AMD Ups The Ante In Mobile Processors

The Sunnyvale, Calif.-based chip maker last week said its Mobile AMD Athlon 64 3000+ will be priced at $241 in 1,000-unit quantities, at a time when custom-built or unbranded notebooks are making significant gains in channel market share.

New chip is aimed at thin and light notebooks and mobile PCs and provides extended battery life.

The new AMD chip is aimed at thin and light notebooks and mobile PCs, and provides extended battery life through its proprietary technology. The Athlon 64 3000+ is compatible with third-party 802.11a/b/g wireless cards and the processor itself is based on AMD's 90- nanometer manufacturing process technology, according to the company.

In contrast, Intel's competing Centrino platform combines a processor, chipset and 802.11a/b/g technology into a single platform and the company manufactures its own chipsets. While AMD has a growing number of supporters and system builders in the channel for its 64-bit processors, its inability to develop support technology, as Intel does, could continue to be a drawback, especially in the mobile space, solution providers say.

"I'm a big fan of AMD and their technology, their capability. They far exceed Intel in CPUs in raw power and in terms of functionality," said Scott Chithelli, owner of Advanced Design of Kentucky, an Alexandria, Ky.-based system builder.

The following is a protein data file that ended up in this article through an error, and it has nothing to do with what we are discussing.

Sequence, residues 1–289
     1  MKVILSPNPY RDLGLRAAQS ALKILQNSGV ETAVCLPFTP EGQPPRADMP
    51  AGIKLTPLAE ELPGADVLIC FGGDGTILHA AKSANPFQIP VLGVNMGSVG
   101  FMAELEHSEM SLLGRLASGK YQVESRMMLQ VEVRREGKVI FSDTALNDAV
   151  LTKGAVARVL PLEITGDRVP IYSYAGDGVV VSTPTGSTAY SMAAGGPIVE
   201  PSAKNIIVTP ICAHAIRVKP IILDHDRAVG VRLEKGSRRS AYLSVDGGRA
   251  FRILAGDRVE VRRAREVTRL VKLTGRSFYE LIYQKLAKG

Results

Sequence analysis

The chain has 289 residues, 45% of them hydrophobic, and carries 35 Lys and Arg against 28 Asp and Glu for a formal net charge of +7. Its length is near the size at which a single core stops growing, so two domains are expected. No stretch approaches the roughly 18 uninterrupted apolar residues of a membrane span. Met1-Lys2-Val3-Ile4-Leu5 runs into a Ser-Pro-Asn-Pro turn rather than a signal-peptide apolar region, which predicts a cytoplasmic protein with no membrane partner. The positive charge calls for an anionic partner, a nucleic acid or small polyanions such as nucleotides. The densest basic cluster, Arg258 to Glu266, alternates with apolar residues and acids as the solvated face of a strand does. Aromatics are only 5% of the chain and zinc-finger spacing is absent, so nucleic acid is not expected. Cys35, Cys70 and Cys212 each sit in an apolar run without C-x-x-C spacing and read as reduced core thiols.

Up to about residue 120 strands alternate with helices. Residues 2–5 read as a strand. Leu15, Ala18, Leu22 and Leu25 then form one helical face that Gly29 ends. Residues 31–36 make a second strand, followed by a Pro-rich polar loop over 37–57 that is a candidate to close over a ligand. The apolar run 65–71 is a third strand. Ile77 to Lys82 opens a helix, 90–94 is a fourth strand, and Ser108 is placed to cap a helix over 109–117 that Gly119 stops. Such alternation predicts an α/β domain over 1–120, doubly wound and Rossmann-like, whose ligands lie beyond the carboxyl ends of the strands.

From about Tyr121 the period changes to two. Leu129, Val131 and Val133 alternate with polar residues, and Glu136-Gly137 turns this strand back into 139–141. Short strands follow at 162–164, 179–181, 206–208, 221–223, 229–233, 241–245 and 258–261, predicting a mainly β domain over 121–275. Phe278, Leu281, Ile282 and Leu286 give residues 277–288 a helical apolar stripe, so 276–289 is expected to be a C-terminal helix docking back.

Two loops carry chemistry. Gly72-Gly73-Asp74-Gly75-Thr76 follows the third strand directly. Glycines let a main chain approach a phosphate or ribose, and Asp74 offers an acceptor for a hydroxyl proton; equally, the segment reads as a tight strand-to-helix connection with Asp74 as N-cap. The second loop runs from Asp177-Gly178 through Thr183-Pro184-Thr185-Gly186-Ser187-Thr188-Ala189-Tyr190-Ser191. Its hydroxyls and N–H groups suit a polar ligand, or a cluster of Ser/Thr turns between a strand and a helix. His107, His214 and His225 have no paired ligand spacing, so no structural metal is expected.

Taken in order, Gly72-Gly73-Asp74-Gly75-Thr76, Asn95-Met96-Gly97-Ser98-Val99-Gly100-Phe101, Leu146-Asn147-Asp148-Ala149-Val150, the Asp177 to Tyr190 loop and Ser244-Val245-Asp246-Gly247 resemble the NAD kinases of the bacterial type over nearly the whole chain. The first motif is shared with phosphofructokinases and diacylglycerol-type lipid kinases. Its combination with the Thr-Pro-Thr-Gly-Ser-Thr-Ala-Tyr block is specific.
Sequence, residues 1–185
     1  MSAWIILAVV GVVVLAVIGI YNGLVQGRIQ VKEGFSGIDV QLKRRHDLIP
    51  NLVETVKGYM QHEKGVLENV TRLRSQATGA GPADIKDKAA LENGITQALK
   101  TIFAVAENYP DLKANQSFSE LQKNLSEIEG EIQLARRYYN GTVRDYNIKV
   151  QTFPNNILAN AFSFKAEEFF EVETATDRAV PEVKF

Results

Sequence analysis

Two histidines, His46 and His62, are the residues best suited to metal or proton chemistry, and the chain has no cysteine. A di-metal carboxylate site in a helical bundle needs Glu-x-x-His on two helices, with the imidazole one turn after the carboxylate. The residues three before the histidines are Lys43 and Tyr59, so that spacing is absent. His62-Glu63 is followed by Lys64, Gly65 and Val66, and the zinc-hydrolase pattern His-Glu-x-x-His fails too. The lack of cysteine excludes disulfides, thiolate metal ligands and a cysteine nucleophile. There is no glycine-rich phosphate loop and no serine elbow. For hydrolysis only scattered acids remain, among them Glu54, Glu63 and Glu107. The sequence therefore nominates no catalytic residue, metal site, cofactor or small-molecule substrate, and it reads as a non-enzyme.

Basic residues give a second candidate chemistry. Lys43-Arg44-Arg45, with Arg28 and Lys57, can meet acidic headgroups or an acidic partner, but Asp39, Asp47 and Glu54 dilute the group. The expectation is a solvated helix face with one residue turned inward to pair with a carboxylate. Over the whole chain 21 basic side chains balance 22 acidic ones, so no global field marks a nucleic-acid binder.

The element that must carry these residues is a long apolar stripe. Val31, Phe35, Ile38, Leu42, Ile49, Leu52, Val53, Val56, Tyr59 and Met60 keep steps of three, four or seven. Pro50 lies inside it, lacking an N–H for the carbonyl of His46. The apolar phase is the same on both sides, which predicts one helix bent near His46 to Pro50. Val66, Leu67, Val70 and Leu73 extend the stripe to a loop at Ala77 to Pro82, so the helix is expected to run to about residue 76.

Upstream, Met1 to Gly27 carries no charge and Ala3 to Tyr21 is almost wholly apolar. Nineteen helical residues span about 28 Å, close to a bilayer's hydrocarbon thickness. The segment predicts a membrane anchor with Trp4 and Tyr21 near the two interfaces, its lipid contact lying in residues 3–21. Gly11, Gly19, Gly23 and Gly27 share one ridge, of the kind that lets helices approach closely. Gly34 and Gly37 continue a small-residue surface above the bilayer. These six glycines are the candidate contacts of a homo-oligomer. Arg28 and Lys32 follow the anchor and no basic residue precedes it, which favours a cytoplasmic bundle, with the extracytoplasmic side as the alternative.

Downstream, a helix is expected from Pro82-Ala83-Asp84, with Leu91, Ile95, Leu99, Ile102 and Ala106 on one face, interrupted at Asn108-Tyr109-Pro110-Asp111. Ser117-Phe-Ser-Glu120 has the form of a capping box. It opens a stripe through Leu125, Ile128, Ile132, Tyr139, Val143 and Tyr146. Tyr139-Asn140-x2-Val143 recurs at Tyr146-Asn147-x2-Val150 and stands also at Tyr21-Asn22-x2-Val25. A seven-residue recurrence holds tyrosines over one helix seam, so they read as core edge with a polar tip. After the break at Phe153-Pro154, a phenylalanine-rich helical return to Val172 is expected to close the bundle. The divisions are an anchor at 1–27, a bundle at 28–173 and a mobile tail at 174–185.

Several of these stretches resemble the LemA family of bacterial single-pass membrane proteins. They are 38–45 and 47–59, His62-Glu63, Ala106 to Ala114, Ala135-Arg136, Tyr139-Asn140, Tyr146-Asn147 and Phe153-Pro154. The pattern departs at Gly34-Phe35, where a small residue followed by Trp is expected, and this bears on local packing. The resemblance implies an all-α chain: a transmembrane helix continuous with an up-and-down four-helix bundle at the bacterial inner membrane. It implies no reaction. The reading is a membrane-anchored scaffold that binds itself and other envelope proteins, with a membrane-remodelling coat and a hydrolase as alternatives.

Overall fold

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However, he said he does not offer an AMD-based custom notebook because of concerns over third-party supporting technology such as chipsets and motherboards. Unlike Intel, Santa Clara, Calif., AMD does not make its own branded chipsets or motherboards but relies on third-party manufacturers to provide them.

Chithelli said Advanced Design focuses on high- performance systems, including those for video and audio customers, as well as those using CAD applications.

"We're so niche-specific, I need to make sure there are not issues," Chithelli said. "The AMD 64 notebooks are so powerful ... but the external devices such as professional sound cards are very sensitive to certain chipsets."

The new AMD processor, with a clock speed of 2GHz, is priced as much as 60 percent lower than most comparable mobile processors from Intel.